It was like in our old super eights: my father smoking a cigarette and leaning over a brisket, kissing my mother on the lips, his mother’s apartment a little too cluttered.
So in answer to the man’s question, I told him No, your leg does not excite me.
But I wanted to yell: Your head, this magical head, gives me back my father, my Bubby, before the nursing home when she still made her famous brisket, the brisket she would still ask us about years after she’d stopped cooking. After she’d been in the nursing home for three years.
I wanted to take the Devil’s head into my hands and rub my fingers, in tune with the sound of his corduroy rubbing corduroy. I want to run my fingers over my father’s face and feel the bump on his nose from being broken so many times.
I wanted to hold a world.
But I didn’t. I got off the train and told the Devil to fuck off and that he was a pervert.
I never forgot what I saw though. How I paid attention for that moment and all the people who came for it. My father, my Bubby, a younger version of my mother.
How sometimes things choose us.
Uri told me that he was going to a cabin in the woods to do a meditation retreat by himself and that he’d asked his teacher for any advice. The teacher told him not to bring any device that told time. To walk if he felt like walking, to sit if he felt like sitting, to walk again when he no longer felt like sitting in meditation, to eat when he was hungry, to sleep when he was tired and to get up when he felt rested. How simple it sounded and yet I thought how I might fail at that. I don’t know when I am hungry half the time after all the years of starving myself. The signals get lost. I wake up, look at the clock and seeing it’s later than I would have liked, I beat myself up. I wake up early and seeing it’s not late enough I deem how tired I am. Listen to myself? What’s that?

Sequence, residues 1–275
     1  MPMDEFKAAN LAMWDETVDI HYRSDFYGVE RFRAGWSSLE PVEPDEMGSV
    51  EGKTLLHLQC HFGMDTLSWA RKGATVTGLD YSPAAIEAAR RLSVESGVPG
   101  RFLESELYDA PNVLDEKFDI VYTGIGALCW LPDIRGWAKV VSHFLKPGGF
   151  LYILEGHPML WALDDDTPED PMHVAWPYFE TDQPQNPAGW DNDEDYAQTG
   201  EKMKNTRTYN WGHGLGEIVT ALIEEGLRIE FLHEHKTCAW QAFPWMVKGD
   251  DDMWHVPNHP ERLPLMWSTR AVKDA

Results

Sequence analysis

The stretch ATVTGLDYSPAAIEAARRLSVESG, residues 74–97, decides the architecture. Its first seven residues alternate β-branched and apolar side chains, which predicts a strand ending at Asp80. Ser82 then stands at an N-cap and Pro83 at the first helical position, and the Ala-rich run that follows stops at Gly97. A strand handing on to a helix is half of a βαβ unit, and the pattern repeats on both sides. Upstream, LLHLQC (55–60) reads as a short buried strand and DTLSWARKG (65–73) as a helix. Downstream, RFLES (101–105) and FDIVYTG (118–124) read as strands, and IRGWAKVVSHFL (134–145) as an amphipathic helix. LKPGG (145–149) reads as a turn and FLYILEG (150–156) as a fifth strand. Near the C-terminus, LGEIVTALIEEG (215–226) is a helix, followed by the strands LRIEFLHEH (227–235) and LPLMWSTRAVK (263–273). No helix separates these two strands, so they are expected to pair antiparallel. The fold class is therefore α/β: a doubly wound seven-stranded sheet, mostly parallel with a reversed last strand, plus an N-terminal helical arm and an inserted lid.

The people we meet, the people telling us just what it is that we need to hear before we board a flight to New Mexico. The people showing us exactly who we need to remember through images on their skull. How sometimes things just choose us if we pay attention. The people showing us exactly who we need to be.
I sat down in my new seat next to Uri once I got on the tiny plane. He turned and asked me Why do you write?
The people we meet. The people we are. The people on the plane and in the car and in the world all speaking the things you need to hear whether you realize it now or later. Do you have to write, is that it? He asked.
Took a stranger on a plane to ask me that. I went to the little lavatory in the back on the plane and looked in the mirror fascinated by the question. Why do I write?
Writing helps me pay attention. It helps me realize how contagious we are. How the people we meet in whatever way we meet them are guiding us closer and closer toward our selves.
Don’t believe me? Go stand next to someone in line and start talking. Go talk to the men working in tandem, clipping the hedges with their muscular forearms. Go talk to the man on the train, on the street. Go talk to the woman who rear-ended you with her car. See if you don’t learn a thing or two about yourself. See if what they say doesn’t make you wonder if things really do choose us. See if they don’t spark something small inside of you.
Uri told me that his meditation teacher told him not to draw conclusions. To which he asked about anything? The teacher simply said about everything.
When we remember that we don’t know anything we can be surprised.
By all of it. When we think we know it all there is nothing to learn.
About everything. Draw no conclusions. Pay attention to the people you meet, pay attention to yourself, pay attention to the flickering images playing on someone’s head because it will tell you everything. Listen to the people speak. Listen for clues. Listen for whatever reason you listen but listen.